Wireless networking is something we take for granted and use almost every day without a second thought. It is convenient to have network and internet access anywhere in our office or our home regardless of our location and without the need for wires. Computers, smartphones, TVs, printers, and many other electronics all have WiFi capability, which has become an indispensable feature. However, having all of these devices on your wireless network simultaneously can slow it down tremendously, interfering with productivity or entertainment.
Thankfully, wireless networking technology has progressed over the years to keep up with the growing number of wireless devices, the most recent advancement being 802.11 ac, a new standard that promises to deliver next generation speed as well as backwards compatibility. Probably the most compelling reason to upgrade your existing wireless network to 802.11ac is for the performance increase. This new standard has a maximum transfer rate of 1300 Mbps or almost 2.16 times faster than 802.11 n (the next most recent standard), assuming both use the newer 3×3 MlMO standard and optimal spatial streams. Additionally, if you are upgrading from 802.llg (commonly found on routers that are a few years old), which operates at up to 54 Mbps then you will see an even greater speed increase of approximately 29 times faster. Provided that your internet and other network components can keep up with the higher bandwidth, this performance increase will allow you to send and receive files quicker, stream videos in higher resolution, and access data on your network with close to wired connection speed. Your wireless connection will no longer be the bottleneck it once was.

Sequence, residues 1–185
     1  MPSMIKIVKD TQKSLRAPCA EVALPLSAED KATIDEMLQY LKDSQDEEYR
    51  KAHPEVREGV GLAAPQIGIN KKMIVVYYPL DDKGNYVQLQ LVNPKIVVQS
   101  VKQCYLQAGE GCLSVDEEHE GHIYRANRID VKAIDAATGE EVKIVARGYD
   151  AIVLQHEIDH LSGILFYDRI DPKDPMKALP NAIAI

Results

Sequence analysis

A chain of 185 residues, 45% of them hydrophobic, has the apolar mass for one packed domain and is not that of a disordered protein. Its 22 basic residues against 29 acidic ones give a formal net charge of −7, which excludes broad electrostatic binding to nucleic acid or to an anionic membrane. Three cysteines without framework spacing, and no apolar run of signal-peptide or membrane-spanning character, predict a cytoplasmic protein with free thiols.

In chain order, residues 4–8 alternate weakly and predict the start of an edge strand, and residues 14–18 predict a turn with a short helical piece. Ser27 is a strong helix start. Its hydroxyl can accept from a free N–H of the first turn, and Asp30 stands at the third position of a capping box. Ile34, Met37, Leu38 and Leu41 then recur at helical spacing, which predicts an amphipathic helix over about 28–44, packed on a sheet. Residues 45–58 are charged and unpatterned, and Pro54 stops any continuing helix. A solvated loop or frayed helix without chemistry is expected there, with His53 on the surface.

To get the most out of 802.11ac, your router or access point and wireless devices both need to implement this new standard. However, 802.11ac networking equipment is backwards compatible with 802.11 alb/gin, so even though your older devices will not see a performance increase they can still connect to and utilize it.
In addition, since this new wireless standard operates at 5 GHz you are less likely to experience the same interference and overcrowding as with the older 802.11 b/gin devices, which operate at 2.4 GHz, a common issue in office building, apartment complexes, and other densely populated areas.
802.11ac is steadily gaining popularity, and for good reason too. It is much faster than its predecessors are, it is backwards compatible with existing devices, and most newer computers support it or can be upgraded to support it. If you have any questions about 802.11ac Wi-Fi, contact us any time at 866-9MH-TECH or email us at firstname.lastname@example.org.